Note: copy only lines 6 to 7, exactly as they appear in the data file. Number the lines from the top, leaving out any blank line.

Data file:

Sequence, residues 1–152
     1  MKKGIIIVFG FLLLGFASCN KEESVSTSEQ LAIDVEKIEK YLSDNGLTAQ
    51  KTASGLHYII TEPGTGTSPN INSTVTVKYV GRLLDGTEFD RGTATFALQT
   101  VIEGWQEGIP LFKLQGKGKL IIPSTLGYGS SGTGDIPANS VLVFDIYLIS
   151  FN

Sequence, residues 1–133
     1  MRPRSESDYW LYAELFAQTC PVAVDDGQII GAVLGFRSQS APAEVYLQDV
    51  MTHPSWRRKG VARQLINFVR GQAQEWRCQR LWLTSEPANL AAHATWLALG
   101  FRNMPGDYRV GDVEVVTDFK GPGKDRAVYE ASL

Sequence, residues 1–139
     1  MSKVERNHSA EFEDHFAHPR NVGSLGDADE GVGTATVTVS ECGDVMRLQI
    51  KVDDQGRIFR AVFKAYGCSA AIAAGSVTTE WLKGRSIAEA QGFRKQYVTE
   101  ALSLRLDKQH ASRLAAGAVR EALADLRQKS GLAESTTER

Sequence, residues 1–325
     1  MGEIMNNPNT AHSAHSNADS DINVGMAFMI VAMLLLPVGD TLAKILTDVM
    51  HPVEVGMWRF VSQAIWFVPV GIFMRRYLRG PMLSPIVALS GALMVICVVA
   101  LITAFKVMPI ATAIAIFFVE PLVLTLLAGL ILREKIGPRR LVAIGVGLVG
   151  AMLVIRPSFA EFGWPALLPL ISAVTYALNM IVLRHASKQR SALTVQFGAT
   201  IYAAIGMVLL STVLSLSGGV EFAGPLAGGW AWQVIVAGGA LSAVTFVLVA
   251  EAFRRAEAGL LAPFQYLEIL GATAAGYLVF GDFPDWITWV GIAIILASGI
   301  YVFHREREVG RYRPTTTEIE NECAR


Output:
Sequence, residues 1–133
     1  MRPRSESDYW LYAELFAQTC PVAVDDGQII GAVLGFRSQS APAEVYLQDV